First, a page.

The olive and the tree on which it grows have been revered since ancient times. Archaeological digs have unearthed evidence that olive trees existed on the island of Crete in 3500 b.c. The Semitic peoples were cultivating the tree's fruit by 3000 b.c. They particularly liked to use the oil of the olive to anoint the body during religious ceremonies, and to light their lamps. An ancient Hebrew law prohibiting the destruction of any olive tree is still obeyed.
By the time of the Roman Empire, olives were a mainstay of the agricultural economy. The Romans also used the oil to grease the axles of wagons and chariots. The Greeks traded it for wheat; the elaborately decorated clay pots that they used to transport the oil became part of the civilization's burgeoning art industry.
The olive tree is mentioned frequently in the Koran and in the Bible. Noah receives the message that land is near when a dove arrives at the ark with an olive branch in its mouth. Greek mythology associates the goddess Athena with the olive tree and credits Acropos, the founder of Athens, with teaching the Greeks to extract oil from the tree's fruit.
A member of the evergreen family, the olive tree features a gnarled trunk and leaves with a silvery underside. Its strong root system is perfect for penetrating sand, limestone, or heavy, poorly aerated soil. The trees thrive best in regions with rainy winters and hot, dry summers. Although it may take up to eight years before a tree produces its first harvest, a single tree can live for centuries.
Early oil producers pressed the olives by crushing them between huge cone-shaped stones as they turned slowly on a base of granite. Today, most factories employ hydraulic presses, exerting hundreds of tons of pressure, to separate the oil from the olive paste. Spain and Italy are the primary commercial producers of olives and olive oil. Greece is close behind them. However, California, Australia, and South Africa are emerging as leaders in the industry. Some wineries are planting olives to offset poor wine harvests. Ironically, olive trees were planted in California by missionaries in the 1800s, which by the turn of the century were producing an excellent grade of olive oil. However, the market demand was weak so the trees were uprooted and grape vines were planted in their place.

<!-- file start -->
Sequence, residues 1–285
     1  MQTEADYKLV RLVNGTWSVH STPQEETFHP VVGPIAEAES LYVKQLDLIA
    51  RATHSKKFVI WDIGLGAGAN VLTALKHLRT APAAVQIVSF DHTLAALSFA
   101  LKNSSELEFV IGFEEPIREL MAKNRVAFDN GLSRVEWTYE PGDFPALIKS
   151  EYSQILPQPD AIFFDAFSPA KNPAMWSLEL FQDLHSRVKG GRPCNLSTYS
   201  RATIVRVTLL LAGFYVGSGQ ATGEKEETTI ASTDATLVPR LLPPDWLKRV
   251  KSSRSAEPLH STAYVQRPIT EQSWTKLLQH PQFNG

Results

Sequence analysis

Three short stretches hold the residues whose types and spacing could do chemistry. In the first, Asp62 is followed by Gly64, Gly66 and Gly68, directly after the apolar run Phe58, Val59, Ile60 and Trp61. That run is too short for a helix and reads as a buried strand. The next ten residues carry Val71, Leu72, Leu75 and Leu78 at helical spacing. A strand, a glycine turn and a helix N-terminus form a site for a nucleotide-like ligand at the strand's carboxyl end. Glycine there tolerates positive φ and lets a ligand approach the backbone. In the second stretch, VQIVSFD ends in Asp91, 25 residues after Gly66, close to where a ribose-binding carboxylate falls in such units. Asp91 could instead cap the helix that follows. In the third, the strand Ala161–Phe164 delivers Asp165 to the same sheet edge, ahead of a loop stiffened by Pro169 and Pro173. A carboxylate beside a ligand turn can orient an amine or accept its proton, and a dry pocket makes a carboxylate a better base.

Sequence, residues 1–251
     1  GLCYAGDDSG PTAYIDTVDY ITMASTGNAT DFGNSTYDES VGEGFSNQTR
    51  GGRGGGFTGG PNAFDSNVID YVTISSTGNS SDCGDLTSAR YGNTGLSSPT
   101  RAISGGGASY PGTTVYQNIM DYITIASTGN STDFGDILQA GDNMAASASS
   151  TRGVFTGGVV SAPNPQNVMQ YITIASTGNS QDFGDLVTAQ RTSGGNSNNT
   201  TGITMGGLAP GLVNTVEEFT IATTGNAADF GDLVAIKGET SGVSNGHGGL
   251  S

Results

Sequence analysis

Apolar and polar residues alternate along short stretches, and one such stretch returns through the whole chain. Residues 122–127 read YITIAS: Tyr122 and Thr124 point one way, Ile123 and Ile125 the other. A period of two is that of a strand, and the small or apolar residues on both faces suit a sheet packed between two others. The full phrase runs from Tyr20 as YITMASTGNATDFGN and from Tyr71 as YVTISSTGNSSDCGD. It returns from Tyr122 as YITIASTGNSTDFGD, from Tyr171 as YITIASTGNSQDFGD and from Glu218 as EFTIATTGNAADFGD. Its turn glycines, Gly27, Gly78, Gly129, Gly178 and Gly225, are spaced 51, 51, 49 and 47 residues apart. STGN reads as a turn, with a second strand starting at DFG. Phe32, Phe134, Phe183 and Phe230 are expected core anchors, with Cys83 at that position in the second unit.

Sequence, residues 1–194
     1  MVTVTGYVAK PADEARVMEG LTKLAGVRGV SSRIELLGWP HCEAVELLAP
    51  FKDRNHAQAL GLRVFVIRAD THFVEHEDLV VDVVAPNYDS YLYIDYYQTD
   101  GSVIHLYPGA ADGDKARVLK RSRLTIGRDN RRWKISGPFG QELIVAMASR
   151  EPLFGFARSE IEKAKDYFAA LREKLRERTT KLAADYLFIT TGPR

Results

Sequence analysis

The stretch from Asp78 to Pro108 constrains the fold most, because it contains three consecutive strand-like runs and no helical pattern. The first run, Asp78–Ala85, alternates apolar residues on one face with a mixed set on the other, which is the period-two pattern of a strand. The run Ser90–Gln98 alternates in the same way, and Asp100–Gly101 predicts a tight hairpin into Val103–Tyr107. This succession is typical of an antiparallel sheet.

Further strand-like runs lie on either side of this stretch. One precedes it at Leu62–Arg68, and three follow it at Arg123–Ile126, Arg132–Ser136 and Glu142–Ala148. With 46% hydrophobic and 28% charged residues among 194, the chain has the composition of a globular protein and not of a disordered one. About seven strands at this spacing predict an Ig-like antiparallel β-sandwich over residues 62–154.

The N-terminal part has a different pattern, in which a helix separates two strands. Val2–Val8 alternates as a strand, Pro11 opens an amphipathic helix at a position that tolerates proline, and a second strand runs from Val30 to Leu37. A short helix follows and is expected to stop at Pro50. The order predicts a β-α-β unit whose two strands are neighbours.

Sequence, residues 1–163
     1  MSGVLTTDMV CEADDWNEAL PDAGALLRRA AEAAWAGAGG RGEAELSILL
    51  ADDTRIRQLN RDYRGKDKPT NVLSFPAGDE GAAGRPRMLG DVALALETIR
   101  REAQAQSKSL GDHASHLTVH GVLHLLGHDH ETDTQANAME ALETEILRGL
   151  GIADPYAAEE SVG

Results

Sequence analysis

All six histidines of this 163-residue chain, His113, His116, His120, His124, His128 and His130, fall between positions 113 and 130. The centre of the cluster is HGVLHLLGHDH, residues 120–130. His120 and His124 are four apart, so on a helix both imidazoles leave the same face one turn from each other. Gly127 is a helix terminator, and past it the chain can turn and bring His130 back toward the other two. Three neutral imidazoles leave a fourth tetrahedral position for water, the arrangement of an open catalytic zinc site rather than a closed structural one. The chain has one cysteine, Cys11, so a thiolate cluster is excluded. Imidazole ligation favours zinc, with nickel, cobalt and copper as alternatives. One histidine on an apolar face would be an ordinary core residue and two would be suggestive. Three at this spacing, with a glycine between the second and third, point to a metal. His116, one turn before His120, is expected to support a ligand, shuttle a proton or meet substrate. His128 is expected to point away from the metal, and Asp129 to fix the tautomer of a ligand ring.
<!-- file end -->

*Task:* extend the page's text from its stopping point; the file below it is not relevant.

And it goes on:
In the late twentieth century, emphasis on good nutrition and a fascination with the so-called Mediterranean diet has resulted in a resurgence in the olive oil trade. Olive oil is touted as a monounsaturate that is healthier for human consumption than corn and vegetable oils. The oil is also promoted as a dandruff reliever and, when mixed with beeswax, a homemade lip balm. In the late 1990s, the United States and Canada consumed olive oil at a yearly rate of 147,600 tons (150,000 metric tons). The demand often exceeds the supply, and during the 1990s prices rose significantly.
The primary ingredient of olive oil is the oil that is expressed from ripe olives. In the late spring, small flowers appear on the olive trees. Wind pollination results in the blossoming of the olives, which reach their peak oil content approximately six months later. Thus, the olives are harvested from November to March, after they have progressed in color from green to reddish violet to black. It is often necessary to harvest olives from the same trees several times in order to gather olives at the same stage of maturation.
Since ancient times, workers have knocked the fruit from the trees with long-handled poles. The process has not changed significantly over the centuries. Modern poles resemble rakes. Originally, nets were spread under the tree to catch the falling olives. Many producers are now using plastic covers to cushion the fall and to allow for cleaner, faster gathering.